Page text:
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/ by Tommy Kirchhoff /

HealthCare in Austria, China & The U.S.

My wife sent me this article about a high school football team bowing out of a game because of the risks: http://www.npr.org/templates/story/story.php?storyId=130511940

I have thought for a while that football contributes in part to the health problems in the U.S. Think about how many boys play football through the high school level, and how many males get injured in their football "career." It's a lot. Also consider that our national sport of football has very few people "doing" it; generally, we sit on the couch and "watch it."

This got me thinking about the national sports of Austria and China. In Austria, skiing is the national sport; just about everyone skis. In China, it's martial arts; most people practice them, but especially Tai Chi.

There are lots of factors to a nation's health care profile: wealth of the nation, number of doctors, lifestyle, sanitation, etc. But when you look at some statistics, you might be surprised about the place you live in.

According to NationMaster.com, reviewing the top obesity countries, you might not be surprised that the U.S. is number one in the world. Austria is #24 and China's not on the list.

But you might be surprised that in the category of "probability of not reaching age 60," you have lots of the Kyrgyzstans, Uzbekistans; Georgia, Bulgaria, Latvia, Russia-- and then at #24 is the United States ! Austria is #31; China's not on the list !

In the category of "per capita government expenditure on health," the U.S. was number five with $2,368 spent per person per year. Austria was number 20 at $1,551 p.p.p.y. And China was #121, at a whopping $88.00 p.p.p.y.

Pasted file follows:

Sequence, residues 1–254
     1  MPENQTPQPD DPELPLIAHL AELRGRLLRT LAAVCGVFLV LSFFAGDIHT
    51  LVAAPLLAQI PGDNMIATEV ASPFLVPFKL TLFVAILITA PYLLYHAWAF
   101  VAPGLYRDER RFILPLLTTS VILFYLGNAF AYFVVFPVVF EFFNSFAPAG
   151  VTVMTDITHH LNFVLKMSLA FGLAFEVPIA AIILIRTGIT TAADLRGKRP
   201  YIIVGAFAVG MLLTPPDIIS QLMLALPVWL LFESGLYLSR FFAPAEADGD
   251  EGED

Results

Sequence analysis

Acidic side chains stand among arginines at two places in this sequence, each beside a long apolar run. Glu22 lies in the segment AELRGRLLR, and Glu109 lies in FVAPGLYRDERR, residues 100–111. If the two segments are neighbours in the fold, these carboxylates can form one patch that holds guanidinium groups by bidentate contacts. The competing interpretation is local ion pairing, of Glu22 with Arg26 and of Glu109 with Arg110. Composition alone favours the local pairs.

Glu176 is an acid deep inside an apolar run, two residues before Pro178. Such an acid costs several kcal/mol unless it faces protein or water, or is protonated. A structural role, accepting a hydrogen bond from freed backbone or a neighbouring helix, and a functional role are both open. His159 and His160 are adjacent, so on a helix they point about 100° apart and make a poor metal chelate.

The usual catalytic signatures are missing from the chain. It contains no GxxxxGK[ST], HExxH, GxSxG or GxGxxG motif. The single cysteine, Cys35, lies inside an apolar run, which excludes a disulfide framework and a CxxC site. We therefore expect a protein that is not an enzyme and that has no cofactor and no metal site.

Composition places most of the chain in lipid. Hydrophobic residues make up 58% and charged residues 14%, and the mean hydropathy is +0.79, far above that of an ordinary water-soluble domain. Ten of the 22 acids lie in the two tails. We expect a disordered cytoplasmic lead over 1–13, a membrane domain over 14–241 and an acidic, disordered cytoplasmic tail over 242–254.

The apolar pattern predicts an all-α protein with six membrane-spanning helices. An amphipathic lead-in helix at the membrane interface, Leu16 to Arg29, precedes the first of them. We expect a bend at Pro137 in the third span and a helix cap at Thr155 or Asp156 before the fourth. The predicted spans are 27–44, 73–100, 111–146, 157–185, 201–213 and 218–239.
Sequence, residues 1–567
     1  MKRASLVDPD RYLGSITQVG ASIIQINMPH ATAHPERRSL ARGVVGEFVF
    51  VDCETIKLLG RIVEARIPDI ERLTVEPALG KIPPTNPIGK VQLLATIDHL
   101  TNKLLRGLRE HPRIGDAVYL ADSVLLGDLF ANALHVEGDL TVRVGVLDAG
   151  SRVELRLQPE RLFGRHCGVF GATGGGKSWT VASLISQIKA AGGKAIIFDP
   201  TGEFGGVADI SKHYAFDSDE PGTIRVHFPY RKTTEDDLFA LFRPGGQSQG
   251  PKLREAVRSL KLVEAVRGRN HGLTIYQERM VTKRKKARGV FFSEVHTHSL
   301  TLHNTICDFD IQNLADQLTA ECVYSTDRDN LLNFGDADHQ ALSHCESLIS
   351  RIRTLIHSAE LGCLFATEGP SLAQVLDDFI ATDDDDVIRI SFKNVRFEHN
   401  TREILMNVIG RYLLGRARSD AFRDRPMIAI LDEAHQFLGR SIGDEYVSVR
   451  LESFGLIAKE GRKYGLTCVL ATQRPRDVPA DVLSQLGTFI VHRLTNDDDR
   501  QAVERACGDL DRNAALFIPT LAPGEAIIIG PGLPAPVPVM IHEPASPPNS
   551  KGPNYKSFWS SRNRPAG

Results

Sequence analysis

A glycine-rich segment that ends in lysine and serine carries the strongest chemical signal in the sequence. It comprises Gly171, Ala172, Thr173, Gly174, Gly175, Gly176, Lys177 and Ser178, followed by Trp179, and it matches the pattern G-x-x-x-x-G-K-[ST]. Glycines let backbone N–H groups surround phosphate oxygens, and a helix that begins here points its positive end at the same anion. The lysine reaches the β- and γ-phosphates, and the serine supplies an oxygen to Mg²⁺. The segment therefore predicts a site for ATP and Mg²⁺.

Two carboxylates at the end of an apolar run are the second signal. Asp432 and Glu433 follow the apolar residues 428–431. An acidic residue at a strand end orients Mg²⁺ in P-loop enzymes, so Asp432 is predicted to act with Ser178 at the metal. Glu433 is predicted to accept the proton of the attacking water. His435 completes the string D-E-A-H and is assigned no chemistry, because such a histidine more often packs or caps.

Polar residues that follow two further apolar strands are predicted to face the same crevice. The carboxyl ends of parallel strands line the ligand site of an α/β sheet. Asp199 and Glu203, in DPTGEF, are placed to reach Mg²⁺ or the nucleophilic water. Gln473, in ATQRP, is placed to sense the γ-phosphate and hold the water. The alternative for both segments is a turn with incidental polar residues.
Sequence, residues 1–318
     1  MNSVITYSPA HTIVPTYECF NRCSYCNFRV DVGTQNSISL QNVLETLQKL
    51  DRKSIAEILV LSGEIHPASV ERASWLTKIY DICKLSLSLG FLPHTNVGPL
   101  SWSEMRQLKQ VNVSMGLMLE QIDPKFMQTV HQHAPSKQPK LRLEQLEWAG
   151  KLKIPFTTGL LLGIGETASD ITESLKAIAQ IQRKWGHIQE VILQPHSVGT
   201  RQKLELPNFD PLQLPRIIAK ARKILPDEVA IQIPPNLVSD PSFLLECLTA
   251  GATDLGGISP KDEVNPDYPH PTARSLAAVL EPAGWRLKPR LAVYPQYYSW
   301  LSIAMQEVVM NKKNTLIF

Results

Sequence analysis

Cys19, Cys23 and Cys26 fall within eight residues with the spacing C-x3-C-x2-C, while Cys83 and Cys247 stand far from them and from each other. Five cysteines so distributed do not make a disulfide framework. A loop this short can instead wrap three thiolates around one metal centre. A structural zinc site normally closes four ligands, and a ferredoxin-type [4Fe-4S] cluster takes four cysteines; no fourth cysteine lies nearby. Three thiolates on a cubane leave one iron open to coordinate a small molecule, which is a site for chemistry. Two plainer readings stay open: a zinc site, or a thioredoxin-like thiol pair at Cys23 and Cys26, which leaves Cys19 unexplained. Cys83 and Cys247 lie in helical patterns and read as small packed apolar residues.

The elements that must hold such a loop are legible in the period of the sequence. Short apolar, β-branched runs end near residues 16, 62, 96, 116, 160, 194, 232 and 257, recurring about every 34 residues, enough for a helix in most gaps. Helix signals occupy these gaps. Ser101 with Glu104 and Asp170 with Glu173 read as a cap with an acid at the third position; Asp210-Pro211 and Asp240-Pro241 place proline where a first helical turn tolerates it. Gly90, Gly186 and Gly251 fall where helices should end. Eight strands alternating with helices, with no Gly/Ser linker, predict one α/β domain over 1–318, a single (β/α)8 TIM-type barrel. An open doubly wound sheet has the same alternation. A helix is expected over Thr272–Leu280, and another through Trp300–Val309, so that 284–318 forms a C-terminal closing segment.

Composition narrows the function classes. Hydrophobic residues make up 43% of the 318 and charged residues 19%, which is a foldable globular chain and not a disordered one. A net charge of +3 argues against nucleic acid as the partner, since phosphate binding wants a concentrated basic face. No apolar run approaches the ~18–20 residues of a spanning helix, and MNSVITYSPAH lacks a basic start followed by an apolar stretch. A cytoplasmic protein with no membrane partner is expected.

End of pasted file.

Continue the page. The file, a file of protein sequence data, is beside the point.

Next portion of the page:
Conversely, in the "private expenditure on health as a percentage of total expenditure on health," (meaning percent you pay for your own healthcare...), China ranked #26 at 66.3% (meaning they pay this percentage of their own costs). The U.S. ranks 51st with 55% out-of-pocket. And Austria ranks #116 at 30.1%.

In the category of "total population life expectancy," Austria is #15 with 79 years. The U.S. is #28 with 77 years. And China ties (for an adjusted spot) with 71 years.

In the category of "percentage of life lived in ill-health: female," The U.S. is #6. Austria is #27. And China is not on the list !

It can be said that the U.S. is the wealthiest of the three, but the most sedentary. Overall, we can live a long time, but not in the best of health. Likely, it can be said that we are at least as unhealthy as China, even though we're richer and have better healthcare.

It can be said that Austria is a fairly wealthy country, and that it's citizens, though they eat plenty of pastries and cheese, stay pretty active, live healthy lives, and live a long time. And Austria picks up most of the bill.

China may have wealth, but its money doesn't make it into the healthcare system. People have to take care of themselves. Adjusted to the fact that they have such a huge population, and fairly poor sanitation, it can be said that the Chinese do a much better job taking care of themselves than most countries. They have a much higher probability of reaching age 60 than we do; have far fewer females with ill health-- and that's on $88 government dollars per year !

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